SDR Deposit of the Month: Endangered sharks of Peru and the ban to save them
Note to our readers: The Stanford Digital Repository team is reviving our popular blog series in order to highlight some of the terrific content deposited by our community on a regular basis. Be on the lookout for monthly posts!
When Biology student Julia Grace Mason requested a DOI from the SDR team for her recent dataset deposit, I was pleased to see continued uptake of our DOI service launched earlier this year with Stanford Libraries' new membership to DataCite. This service is of growing importance to Stanford’s publishing researchers! While preparing the metadata for the DOI, I had the opportunity to check out what her research is all about. If you are interested in sharks, Peru, ecology, and qualitative-quantitative hybrid research methods, you will agree this work is impressive!
I asked Julia for more background on her research and here is what she said:
"This is part of my dissertation work (I'm defending in two weeks!). I work with a Lima-based non-profit, ProDelphinus, which has been working with small-scale fishermen in Peru for almost 20 years. They have an extensive dataset of onboard observer records of where fishermen set their nets and what they caught, which is quite rare for small-scale fisheries, and awesome for building the spatial habitat models I was hoping to learn during my PhD. They suggested I focus on hammerhead sharks, because they were salient from a policy perspective: several species of hammerhead were listed under the international endangered species trade agreement in 2013, so Peru had to demonstrate that they're managing their shark fisheries and implemented a seasonal hammerhead ban in 2016. The especially crazy thing is that 98% of hammerhead catch is of juveniles, which we generally think of as being an unsustainable fishing practice. There are interesting ecological and biological questions for me here. Hardly anything is known about these sharks' habitat and where they're being caught, as well as social/policy questions: sharks are targeted primarily as food in Peru, not just for fins, so these sharks are a potentially important source of food and livelihoods, and gillnets are notoriously unselective. For this reason, a ban that prohibits fishing a single species seemed like an odd choice."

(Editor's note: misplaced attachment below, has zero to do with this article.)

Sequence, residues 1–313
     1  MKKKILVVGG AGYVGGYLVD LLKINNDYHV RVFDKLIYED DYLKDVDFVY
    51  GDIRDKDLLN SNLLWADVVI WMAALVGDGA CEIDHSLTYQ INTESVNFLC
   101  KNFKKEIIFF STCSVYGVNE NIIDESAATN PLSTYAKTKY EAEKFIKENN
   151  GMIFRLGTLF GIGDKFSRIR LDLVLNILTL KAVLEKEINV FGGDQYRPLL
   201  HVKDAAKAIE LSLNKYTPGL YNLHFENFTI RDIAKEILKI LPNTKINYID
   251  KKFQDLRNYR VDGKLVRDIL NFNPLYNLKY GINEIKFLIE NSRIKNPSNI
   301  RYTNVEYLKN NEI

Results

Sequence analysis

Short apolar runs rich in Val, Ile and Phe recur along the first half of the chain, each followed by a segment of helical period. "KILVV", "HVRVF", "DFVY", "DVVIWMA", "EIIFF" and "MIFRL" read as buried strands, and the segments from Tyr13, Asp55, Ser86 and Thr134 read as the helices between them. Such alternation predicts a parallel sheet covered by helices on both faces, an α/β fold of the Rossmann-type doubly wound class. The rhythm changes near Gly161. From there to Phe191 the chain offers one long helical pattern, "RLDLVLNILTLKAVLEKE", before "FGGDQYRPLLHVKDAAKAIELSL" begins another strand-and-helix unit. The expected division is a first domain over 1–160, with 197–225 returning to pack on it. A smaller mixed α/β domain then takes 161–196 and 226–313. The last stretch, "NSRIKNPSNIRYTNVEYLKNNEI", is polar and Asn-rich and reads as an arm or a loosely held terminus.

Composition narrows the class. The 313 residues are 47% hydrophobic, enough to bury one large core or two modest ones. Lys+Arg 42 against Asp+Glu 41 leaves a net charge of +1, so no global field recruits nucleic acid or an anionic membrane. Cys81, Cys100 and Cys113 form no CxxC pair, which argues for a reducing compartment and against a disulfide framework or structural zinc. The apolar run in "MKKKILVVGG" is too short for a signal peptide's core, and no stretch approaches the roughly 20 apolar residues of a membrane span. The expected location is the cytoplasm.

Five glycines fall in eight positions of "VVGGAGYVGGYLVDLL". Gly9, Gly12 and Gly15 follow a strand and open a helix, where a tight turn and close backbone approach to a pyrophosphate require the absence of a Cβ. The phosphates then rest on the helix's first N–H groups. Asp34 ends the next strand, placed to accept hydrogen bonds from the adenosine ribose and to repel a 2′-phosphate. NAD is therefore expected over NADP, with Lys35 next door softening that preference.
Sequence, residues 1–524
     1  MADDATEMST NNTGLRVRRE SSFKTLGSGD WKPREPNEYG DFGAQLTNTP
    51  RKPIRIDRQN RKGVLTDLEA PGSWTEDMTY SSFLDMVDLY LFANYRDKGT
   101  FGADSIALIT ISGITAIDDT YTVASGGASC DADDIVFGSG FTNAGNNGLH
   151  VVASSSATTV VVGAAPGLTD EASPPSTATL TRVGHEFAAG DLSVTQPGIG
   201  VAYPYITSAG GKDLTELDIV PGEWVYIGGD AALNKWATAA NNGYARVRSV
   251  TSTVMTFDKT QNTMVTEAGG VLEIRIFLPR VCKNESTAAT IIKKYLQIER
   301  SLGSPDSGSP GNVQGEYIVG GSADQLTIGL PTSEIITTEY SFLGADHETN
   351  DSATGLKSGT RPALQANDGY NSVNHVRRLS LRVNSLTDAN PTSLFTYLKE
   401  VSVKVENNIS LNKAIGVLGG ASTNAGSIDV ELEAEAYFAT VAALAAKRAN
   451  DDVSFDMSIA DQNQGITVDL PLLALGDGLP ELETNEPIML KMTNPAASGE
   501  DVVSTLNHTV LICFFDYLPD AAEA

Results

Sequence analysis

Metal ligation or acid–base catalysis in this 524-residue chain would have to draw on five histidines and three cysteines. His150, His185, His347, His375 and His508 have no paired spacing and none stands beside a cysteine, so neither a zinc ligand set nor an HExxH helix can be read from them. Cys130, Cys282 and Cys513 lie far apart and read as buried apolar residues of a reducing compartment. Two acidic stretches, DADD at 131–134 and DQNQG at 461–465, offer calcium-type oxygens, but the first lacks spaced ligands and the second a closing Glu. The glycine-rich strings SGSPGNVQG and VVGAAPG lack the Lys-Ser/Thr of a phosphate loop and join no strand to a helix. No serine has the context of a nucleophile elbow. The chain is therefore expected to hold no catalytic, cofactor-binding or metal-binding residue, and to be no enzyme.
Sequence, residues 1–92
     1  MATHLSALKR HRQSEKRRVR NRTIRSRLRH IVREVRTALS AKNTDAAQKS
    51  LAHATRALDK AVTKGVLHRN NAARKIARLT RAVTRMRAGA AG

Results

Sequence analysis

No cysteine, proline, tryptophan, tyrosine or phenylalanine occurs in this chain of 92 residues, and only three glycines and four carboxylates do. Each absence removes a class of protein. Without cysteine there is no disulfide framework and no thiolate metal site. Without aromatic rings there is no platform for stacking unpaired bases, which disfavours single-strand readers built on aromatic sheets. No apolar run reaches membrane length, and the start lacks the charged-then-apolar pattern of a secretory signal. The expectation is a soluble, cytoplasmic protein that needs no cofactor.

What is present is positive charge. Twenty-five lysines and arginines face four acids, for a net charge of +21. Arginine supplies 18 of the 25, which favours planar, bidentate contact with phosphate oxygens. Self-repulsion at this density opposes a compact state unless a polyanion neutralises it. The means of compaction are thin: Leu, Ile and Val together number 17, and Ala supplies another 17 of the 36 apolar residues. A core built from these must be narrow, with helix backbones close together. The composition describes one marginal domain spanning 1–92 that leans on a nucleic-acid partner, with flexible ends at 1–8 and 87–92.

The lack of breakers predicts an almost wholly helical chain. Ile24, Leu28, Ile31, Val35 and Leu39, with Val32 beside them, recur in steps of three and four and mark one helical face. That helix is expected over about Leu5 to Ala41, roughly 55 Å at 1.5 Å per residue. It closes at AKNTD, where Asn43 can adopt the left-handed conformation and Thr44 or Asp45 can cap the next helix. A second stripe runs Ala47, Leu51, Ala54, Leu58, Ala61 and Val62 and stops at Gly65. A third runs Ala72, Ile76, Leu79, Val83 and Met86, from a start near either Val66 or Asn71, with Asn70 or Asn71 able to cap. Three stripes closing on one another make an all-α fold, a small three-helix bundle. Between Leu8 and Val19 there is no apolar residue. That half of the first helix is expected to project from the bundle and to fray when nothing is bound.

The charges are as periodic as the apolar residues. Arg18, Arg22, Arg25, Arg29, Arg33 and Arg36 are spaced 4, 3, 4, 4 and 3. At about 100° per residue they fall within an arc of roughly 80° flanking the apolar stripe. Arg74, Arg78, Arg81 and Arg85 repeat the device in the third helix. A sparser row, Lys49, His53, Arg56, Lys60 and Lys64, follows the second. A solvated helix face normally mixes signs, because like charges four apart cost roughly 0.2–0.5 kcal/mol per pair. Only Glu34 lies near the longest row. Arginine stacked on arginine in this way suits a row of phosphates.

"So, I built a statistical model characterizing where juvenile hammerheads are caught by looking at the environmental profile (temperature, chlorophyll, currents, etc.) of all the gillnet fishing sets that did or didn't catch juvenile hammerheads in ProDelphinus's database. But that didn't tell me why they're catching baby sharks specifically. Are they more delicious? Have all the adults been fished out? How effective will the ban be? To explore that, I interviewed 88 gillnet fishermen in the ports that land the most hammerheads, asking them about the general context of the fishery and their perceptions of and reactions to the ban. I also asked them about what environmental cues they use to fish for hammerheads, and paired their local knowledge with my statistical model. All of that interview data is now in the SDR!"
Amanda Whitmire, Head of the Miller Library at Hopkins Marine Station, introduced Julia to the SDR services. She commented, "We have a modest but growing collection of items in the Hopkins Marine Station Collection, and Julia's dataset from her interviews in Peru is a fantastic addition."
Good luck with your dissertation defense, Julia!